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Sejal Saglani: Pediatric severe asthma – Differences from adult disease in diagnosis and phenotypes

Summary of a presentation given on June 19 at EAACI 2017

Most children with severe asthma have eosinophilic airway inflammation. The question is, whether the eosinophils should be targeted therapeutically. It could be shown in adults and children that lower airways eosinophil measurements in the bronchoalveolar lavage (BAL) correlate positively with the noninvasive assessment of eosinophils in the sputum. Importantly, in adults, when sputum eosinophils were targeted to address treatment, patients with sputum eosinophils had fewer exacerbations compared to those who were treated according to clinical guidelines. However, targeting sputum eosinophils in children had no great benefit (Fleming 2012). This negative outcome could be due to the fact that the eosinophilic phenotype in children is highly variable over time in the same patient.  Interestingly, when taking a closer look, the phenotype variability over time in adults is not that different from children. A study by Al Samri and colleagues revealed that sputum eosinophilic phenotype instability in adults with severe asthma was similar to that of the instability found in children (Al Samri 2010). The reason why targeting eosinophils was effective in adults might stem from the fact that the study included patients with a more moderate disease.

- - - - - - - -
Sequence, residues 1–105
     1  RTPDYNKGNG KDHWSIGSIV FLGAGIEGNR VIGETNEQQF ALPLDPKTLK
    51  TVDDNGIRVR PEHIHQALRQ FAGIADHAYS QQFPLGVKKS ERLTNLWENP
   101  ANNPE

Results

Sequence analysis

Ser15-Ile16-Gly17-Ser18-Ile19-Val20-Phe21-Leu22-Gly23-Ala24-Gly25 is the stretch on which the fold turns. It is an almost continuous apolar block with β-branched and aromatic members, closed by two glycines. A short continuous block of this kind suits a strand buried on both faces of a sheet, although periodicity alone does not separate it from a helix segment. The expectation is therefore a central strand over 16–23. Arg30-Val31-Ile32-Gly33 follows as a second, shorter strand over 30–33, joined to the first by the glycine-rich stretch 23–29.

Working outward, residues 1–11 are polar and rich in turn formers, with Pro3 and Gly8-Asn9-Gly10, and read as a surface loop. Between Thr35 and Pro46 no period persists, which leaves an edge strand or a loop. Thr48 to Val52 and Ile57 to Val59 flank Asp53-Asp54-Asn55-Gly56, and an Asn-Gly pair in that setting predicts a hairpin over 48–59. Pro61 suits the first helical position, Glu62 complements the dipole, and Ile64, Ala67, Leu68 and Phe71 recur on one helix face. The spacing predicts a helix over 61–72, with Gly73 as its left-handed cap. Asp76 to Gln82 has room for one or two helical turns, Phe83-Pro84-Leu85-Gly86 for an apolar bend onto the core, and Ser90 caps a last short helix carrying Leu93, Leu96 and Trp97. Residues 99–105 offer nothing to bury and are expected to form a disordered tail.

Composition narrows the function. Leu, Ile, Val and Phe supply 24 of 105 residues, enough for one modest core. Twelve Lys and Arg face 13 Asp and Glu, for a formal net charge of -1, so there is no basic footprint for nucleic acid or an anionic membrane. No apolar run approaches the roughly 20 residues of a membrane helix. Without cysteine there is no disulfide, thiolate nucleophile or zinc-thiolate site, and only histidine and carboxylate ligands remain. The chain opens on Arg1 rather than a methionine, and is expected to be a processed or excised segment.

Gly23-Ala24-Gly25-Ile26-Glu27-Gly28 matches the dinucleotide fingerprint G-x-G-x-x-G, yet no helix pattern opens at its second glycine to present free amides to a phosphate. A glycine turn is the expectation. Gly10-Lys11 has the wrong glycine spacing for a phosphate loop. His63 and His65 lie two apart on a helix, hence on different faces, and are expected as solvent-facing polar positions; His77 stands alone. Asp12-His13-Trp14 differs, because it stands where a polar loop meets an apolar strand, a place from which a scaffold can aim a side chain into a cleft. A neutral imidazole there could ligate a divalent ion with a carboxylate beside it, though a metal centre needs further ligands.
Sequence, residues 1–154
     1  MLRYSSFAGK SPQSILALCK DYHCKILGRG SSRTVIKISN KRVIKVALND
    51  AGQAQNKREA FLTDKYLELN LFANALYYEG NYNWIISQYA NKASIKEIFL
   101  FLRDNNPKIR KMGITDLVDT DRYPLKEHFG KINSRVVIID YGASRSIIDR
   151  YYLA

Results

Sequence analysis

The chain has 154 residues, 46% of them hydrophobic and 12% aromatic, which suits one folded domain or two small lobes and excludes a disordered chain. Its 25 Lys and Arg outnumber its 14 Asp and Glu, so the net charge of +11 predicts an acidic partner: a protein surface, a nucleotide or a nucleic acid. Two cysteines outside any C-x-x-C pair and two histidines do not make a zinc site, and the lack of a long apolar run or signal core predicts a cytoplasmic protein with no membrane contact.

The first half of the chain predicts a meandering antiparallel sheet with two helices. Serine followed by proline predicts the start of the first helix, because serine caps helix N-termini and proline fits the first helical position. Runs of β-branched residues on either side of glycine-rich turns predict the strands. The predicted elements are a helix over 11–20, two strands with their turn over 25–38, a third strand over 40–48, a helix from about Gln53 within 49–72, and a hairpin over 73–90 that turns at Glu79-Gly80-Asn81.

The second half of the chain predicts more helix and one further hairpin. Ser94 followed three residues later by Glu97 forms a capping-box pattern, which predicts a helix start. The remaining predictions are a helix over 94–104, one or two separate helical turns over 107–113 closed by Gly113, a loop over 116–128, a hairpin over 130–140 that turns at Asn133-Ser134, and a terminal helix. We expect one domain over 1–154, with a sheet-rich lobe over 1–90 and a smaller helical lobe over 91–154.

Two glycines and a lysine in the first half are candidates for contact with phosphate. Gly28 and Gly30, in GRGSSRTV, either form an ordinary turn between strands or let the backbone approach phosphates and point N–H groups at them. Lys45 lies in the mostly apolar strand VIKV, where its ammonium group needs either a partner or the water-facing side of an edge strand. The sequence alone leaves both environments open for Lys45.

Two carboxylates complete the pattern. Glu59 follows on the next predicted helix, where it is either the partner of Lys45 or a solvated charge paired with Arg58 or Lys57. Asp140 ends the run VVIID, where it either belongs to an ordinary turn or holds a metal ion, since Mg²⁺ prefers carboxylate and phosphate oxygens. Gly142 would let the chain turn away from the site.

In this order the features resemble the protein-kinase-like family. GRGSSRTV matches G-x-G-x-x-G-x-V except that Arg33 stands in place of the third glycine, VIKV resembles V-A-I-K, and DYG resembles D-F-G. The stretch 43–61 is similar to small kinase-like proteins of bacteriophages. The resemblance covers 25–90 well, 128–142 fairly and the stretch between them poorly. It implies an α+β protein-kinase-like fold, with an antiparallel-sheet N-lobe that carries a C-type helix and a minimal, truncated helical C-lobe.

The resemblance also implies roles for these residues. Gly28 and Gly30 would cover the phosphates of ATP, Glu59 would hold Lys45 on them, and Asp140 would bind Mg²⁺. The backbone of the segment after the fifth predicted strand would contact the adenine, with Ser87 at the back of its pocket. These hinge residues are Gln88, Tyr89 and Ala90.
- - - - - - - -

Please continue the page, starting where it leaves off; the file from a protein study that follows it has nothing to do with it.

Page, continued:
The search for stable clusters

For targeted treatment, it would be desirable to do a longitudinal profiling, an idea that has already taken shape in studies with adult patients. In the ADEPT-study (ADEPT = Airways Disease Endotyping for Personalized Therapeutics), Silkoff and colleagues demonstrated that asthma patients’ phenotypes are highly unstable, especially when looking at type 2 markers. Also, in children, no longitudinal relationship between fractional exhaled nitric oxide (FeNO) and sputum eosinophils could be found (Fleming 2013). Thus, sputum eosinophils alone cannot be used to target treatment. A better way would be to use cluster analyses to identify phenotypes that are stable over time. Zaihra and colleagues (Zaihra 2016) identified four clusters in adult patients: predominantly severe asthma with late onset disease (A), female patients with severe asthma and high BMI (B), severe asthma with early onset, atopic (C), moderate asthma with good lung function (D). Yet, over one year, only half of the patients remained in the same cluster. Patients with variability in sputum eosinophil count were especially unlikely to stay in their cluster. There exists one interesting sub-group of patients with severe asthma, those who are persistently eosinophilic in their sputum. The persistent sputum eosinophilic phenotype in adult severe asthma is associated with increased exacerbation risk (Walsh 2016), and these patients benefit from the treatment with mepolizumab (Pavord 2012). According to Sejal Saglani, if children with a persistently eosinophilic sub-phenotype could be identified, they might also profit from mepolizumab.